Neuroscience offers several treatment options for arteriovenous malformation (AVM). Symptoms such as headache and seizures may be alleviated with medication, but due to the potential danger of hemorrhage, leaving the AVM itself untreated carries some level of risk. The most common treatment option for an AVM is surgical intervention; however, surgery on the central nervous system always carries risks that the doctor will weigh carefully against the benefits in advising the patient.
How are Arteriovenous Malformations Treated?
Over the long-term, about 2 to 3 percent of AVMs bleed each year. In developing a treatment strategy, the doctor will look at the results of an MRI or CT Scan, the size of the AVM, the patient’s symptoms and age, and if a pregnancy is involved or planned. If the results indicate a higher than usual risk of a large hemorrhage, surgery is usually required.
Doctors have three treatment options for AVM when brain surgery is the prescribed course of action: conventional surgery, endovascular embolization, and stereotactic radiosurgery.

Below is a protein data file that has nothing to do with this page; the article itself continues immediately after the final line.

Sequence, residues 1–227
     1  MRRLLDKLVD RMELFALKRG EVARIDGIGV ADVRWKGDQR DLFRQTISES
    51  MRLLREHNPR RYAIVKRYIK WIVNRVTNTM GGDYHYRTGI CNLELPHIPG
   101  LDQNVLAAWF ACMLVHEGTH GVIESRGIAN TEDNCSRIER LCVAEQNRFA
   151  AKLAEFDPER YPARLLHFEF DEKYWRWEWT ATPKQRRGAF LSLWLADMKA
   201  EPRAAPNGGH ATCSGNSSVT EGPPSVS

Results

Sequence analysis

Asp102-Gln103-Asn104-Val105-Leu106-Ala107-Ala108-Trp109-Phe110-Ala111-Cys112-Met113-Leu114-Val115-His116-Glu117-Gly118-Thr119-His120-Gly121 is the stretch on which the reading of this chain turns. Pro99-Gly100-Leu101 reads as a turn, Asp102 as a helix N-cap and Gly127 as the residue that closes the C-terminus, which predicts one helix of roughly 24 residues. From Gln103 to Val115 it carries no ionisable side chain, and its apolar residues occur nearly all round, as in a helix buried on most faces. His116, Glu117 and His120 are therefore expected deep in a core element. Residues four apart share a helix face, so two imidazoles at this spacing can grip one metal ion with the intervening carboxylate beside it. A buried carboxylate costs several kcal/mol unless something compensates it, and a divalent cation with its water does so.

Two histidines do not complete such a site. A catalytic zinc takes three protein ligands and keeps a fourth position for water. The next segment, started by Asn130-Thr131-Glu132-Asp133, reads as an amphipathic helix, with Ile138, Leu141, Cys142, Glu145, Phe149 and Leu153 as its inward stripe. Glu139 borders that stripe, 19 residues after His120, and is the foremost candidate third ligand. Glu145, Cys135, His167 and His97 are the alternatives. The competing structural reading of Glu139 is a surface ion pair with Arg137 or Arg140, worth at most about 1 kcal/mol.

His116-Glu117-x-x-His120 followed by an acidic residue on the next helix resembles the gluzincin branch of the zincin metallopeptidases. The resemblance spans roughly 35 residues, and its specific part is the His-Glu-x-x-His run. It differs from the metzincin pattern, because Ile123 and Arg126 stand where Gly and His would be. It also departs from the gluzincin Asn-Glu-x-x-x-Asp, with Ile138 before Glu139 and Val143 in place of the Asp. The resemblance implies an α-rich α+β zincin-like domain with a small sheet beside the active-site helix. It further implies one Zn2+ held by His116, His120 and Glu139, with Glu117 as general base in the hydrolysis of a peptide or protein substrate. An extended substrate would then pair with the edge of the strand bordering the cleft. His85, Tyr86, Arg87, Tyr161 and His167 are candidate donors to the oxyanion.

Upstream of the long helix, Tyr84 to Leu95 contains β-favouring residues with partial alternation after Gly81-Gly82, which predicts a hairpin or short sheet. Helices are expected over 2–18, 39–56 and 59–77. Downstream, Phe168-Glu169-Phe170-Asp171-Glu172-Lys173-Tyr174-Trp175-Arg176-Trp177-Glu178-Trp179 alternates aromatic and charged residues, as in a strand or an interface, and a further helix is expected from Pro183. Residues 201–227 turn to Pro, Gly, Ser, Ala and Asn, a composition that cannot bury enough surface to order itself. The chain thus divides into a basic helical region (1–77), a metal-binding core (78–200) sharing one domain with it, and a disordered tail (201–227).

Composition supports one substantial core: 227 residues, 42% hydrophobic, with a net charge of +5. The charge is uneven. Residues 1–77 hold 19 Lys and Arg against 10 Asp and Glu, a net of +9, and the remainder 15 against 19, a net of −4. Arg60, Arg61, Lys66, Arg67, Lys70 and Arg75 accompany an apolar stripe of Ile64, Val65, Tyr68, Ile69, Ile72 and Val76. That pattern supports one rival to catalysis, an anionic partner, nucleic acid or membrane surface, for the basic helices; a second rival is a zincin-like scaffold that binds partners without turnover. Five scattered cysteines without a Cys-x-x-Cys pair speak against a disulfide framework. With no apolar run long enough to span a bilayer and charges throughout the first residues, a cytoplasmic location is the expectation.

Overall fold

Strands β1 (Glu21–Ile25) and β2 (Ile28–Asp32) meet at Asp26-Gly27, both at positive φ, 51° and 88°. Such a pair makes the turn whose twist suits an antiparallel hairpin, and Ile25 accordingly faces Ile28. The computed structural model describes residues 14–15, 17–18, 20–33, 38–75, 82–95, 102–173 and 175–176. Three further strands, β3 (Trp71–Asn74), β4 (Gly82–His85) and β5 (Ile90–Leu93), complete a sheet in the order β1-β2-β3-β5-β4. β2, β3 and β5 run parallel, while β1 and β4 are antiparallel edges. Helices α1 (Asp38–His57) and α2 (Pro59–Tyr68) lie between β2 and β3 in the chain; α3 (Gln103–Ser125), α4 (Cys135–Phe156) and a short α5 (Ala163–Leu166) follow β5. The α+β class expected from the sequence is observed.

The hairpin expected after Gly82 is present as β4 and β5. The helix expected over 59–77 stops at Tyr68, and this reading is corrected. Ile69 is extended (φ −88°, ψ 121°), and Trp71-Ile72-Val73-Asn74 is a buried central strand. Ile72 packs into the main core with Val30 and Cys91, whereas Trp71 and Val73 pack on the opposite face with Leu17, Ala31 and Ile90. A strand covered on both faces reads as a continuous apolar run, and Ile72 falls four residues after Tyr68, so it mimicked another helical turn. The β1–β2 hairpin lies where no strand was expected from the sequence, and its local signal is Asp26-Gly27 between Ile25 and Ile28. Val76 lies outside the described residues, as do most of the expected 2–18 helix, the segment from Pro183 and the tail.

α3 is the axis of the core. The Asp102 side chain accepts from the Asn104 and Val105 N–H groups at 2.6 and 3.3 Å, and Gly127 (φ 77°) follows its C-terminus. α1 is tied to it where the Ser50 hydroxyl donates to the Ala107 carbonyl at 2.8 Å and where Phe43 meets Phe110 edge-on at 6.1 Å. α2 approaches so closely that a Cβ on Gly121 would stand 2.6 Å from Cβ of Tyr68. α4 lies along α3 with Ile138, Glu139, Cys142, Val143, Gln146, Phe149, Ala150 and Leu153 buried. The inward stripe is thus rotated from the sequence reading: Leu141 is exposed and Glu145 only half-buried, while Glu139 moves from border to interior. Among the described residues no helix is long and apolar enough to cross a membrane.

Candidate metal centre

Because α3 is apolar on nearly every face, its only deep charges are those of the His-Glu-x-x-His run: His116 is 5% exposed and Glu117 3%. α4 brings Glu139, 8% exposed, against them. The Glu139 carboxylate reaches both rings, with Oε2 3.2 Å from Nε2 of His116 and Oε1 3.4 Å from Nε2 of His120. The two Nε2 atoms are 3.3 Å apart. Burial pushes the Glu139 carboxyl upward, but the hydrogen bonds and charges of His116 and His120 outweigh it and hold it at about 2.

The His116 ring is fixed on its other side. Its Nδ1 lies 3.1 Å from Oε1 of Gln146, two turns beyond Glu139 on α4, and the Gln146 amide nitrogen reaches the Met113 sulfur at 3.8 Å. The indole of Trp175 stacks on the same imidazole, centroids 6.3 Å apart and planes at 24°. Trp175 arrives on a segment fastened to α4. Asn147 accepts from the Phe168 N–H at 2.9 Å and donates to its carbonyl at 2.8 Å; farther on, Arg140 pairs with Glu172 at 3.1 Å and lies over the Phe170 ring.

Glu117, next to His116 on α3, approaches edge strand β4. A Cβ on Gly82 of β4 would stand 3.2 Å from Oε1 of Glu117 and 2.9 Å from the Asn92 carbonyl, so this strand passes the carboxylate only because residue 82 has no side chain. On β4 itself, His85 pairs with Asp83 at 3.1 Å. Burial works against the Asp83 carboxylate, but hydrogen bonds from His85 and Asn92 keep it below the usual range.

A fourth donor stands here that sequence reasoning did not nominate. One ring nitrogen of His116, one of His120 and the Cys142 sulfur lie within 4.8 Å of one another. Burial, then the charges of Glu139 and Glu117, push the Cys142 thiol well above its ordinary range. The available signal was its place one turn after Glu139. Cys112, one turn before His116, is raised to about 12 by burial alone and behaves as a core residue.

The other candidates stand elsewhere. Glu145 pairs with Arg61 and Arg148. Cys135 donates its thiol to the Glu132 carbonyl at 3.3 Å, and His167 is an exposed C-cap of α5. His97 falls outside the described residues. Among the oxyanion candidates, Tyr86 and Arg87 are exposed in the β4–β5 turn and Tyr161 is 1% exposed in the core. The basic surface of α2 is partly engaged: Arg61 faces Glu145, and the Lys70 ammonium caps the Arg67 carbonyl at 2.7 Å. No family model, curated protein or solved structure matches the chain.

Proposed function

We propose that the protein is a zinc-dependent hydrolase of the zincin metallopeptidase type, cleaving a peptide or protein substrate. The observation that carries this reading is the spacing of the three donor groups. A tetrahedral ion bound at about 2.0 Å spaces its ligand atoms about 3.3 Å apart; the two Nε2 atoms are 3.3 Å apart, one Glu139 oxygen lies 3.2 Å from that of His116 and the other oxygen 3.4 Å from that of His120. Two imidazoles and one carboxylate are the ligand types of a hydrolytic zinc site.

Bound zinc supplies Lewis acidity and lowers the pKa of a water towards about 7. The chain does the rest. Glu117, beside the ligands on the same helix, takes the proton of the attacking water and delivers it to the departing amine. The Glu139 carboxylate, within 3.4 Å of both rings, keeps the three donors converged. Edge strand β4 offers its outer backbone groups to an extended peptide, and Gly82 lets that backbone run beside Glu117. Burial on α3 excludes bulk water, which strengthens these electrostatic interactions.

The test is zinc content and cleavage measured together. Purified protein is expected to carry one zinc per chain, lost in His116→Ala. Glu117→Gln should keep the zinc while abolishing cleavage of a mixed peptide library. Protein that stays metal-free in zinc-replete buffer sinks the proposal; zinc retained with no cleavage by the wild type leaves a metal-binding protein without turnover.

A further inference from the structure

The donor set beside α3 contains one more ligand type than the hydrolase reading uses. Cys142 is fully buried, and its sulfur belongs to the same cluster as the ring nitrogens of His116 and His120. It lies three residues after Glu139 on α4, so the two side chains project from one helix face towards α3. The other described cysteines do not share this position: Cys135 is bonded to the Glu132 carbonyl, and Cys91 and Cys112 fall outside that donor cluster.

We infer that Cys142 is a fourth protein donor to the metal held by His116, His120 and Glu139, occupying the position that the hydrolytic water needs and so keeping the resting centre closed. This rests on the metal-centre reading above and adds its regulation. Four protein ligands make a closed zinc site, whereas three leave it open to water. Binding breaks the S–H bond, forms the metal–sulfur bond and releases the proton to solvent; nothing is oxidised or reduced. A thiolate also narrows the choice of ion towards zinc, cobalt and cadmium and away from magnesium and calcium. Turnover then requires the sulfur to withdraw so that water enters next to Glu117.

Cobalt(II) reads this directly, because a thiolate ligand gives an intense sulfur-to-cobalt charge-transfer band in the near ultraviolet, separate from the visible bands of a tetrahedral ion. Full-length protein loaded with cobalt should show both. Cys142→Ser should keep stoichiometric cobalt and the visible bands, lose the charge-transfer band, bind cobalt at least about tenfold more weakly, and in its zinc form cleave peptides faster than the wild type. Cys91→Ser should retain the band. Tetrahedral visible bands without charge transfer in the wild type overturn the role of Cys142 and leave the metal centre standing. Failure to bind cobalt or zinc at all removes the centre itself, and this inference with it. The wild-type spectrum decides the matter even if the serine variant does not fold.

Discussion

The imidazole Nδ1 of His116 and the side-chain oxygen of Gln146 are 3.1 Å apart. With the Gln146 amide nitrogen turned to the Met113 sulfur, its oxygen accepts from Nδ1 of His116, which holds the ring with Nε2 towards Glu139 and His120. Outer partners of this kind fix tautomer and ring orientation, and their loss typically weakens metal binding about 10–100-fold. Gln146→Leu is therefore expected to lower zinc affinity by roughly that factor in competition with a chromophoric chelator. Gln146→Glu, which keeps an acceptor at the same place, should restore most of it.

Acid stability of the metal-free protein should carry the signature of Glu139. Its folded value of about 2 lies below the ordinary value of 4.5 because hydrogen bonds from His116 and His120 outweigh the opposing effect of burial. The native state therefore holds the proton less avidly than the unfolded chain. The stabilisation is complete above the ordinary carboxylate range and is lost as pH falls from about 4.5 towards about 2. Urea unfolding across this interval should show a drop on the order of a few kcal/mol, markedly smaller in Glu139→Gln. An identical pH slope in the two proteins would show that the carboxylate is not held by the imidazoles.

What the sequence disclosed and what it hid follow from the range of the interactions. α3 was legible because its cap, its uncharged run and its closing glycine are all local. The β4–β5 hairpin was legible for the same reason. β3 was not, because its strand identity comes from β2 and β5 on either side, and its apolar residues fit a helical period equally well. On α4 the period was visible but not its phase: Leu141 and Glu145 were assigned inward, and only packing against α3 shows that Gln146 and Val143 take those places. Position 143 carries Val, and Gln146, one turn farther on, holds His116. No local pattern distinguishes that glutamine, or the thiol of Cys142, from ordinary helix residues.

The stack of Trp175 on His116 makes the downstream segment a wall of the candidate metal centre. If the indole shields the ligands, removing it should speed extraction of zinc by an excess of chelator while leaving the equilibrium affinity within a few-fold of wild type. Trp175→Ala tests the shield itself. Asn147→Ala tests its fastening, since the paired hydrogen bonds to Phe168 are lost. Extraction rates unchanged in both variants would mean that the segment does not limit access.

- Conventional surgery removes the AVM seeking to cause as little damage as possible to surrounding tissue. It is most used if the AVM is small and located close to the surface of the brain. Those deeper in the brain tissue cannot be reached with conventional surgery due to the high risk of damage to important areas of the brain.
- Endovascular embolization utilizes a catheter that the doctor guides through the arteries to insert a plug that blocks the fistula, the abnormal opening that allows blood to flow improperly between arteries and veins. The embolization is frequently used in conjunction with conventional surgery or radiosurgery to help improve the safety of surgery.
- Stereotactic radiosurgery is one of the most technically advanced, non-invasive brain surgery procedures available. Highly focused beams of radiation close the AVM, while not damaging surrounding tissue. Stereotactic radiosurgery is performed at centers such as the Florida Hospital Neuroscience Institute where physicians utilize the Leksell Gamma Knife® 4C.
Each case is unique, and patients are encouraged to consult with a neurologist as soon as symptoms appear and to become informed about the benefits and risks of treatment options for AVM.